First Rampion power generated

MPI Discovery MPI jack-up vessel 'Discovery' was used to transport the components for eight turbines at a time from Esbjerg in Denmark to Rampion Offshore Wind Farm

The first of Rampion Offshore Wind Farm’s 116 turbines has started generating electricity, marking the project’s move towards full operation.

The remaining turbines for the E.ON farm, 13km off the coast of Sussex, UK, will be commissioned and turned on one by one in the coming months.

Turbine commissioning manager Adam Simmonds said: “The completions and commissioning phase has had numerous challenges, so it is exciting to now be producing electricity that is exported to the national grid.

“Once a turbine is running, we carry out a 240 hour reliability test to monitor its performance and identify any final snagging items before it is handed to the operations and maintenance team to begin its working life, turning wind into clean, green electricity.”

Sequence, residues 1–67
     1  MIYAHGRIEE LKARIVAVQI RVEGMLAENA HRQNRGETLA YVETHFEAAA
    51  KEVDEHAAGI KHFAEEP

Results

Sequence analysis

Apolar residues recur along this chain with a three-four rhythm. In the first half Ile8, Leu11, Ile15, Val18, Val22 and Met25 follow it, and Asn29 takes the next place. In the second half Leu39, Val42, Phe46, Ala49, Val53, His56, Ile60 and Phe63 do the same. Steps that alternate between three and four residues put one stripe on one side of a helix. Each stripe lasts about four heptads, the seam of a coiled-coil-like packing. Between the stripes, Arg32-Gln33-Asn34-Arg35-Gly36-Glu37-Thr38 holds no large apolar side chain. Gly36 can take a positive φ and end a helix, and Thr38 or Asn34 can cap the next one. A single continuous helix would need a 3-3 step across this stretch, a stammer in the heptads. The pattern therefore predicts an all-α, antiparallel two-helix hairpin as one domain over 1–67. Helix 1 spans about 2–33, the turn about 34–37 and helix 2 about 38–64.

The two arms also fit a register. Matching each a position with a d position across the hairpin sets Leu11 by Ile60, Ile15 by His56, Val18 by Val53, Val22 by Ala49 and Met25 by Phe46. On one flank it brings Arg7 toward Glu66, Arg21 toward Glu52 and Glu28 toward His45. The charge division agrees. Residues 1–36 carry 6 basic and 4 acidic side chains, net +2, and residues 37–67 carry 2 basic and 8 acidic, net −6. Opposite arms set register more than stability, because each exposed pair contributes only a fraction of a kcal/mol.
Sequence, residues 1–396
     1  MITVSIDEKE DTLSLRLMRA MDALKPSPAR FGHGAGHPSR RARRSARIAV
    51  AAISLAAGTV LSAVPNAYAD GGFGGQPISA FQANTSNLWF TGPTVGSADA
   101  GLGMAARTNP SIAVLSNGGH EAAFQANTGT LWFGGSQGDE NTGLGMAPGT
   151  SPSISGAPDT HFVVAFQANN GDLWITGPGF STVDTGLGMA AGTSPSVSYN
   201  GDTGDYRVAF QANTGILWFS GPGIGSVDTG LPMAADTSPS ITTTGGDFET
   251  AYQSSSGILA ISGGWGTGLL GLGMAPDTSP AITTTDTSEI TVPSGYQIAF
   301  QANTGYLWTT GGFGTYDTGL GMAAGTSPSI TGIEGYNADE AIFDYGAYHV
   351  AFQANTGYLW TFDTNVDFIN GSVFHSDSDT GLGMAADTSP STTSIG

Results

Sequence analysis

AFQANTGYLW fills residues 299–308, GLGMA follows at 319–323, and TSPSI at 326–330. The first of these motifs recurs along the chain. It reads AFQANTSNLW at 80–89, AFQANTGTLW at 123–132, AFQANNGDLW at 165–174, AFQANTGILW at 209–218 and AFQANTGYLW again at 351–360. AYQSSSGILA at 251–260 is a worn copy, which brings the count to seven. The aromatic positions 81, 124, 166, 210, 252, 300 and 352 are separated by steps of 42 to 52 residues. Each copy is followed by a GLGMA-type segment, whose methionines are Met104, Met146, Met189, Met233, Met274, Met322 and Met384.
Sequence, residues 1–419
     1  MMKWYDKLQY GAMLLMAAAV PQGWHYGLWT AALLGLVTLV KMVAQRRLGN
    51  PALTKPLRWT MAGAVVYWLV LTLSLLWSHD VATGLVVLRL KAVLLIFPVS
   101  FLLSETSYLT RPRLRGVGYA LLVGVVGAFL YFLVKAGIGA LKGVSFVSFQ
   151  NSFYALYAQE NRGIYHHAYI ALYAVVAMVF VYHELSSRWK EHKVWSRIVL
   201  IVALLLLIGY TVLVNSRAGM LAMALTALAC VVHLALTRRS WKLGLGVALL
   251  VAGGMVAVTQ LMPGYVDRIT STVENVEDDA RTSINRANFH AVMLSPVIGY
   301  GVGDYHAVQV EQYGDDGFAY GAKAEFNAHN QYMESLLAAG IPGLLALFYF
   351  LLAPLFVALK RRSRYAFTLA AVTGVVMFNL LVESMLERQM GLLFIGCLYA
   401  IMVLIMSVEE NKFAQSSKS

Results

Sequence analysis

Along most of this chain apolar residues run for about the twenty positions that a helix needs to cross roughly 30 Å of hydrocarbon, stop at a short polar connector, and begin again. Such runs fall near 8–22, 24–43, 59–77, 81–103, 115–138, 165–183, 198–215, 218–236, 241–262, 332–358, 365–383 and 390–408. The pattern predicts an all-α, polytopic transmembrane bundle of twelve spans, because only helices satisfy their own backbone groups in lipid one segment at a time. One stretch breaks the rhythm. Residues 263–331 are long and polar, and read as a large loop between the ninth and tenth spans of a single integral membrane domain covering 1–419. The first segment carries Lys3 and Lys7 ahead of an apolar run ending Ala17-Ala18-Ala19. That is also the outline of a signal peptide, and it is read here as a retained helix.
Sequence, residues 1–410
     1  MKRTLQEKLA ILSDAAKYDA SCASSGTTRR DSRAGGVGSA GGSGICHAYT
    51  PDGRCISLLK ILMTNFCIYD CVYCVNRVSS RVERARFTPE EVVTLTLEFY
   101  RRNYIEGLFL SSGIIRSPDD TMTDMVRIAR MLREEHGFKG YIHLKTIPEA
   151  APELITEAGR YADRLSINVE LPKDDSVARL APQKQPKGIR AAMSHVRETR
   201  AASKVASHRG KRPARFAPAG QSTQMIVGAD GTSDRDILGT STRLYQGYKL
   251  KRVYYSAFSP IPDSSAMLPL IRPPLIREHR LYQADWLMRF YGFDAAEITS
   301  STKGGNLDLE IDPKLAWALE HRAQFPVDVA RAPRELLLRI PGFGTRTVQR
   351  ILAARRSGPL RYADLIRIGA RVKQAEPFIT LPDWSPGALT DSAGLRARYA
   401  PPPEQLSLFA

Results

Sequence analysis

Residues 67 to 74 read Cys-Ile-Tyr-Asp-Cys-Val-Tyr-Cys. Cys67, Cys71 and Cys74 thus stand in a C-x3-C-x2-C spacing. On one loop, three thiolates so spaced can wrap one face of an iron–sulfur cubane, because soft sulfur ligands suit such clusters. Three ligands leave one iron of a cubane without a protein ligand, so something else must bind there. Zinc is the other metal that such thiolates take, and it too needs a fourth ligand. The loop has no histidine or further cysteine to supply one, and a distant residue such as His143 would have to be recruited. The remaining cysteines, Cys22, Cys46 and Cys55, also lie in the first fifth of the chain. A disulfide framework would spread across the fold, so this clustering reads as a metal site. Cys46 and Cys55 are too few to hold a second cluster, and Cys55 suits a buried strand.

September completion

The installation of all the turbines was completed in September, within a six-month period, with the use of MPI jack-up vessels Discovery and Adventure.

The vessels transported the components for eight turbines at a time from Esbjerg in Denmark to the site.

Each turbine consists of an 80m tower, weighing approximately 200t. The towers were lifted and positioned onto each foundation and a nacelle fitted to the top of each tower.

The towers each house a generator, gearbox and three blades - each measuring 55m in length and which were hoisted and connected one at a time.

Electrical infrastructure

Work has also included completion of the project’s electrical infrastructure.

Offshore, this meant the burial of 144km of array cables, which connect the turbines to the offshore substation, as well as the completion of the offshore substation itself.

Onshore, all 26.8km of cables are now installed and working, and the substation at Twineham is also operating.

Teams of technicians working inside the turbines and onshore in the control rooms will continue carrying out the final work required for each turbine to start producing electricity.

All turbines are due to be generating power by the end of 2018.

By Rebecca Jeffrey

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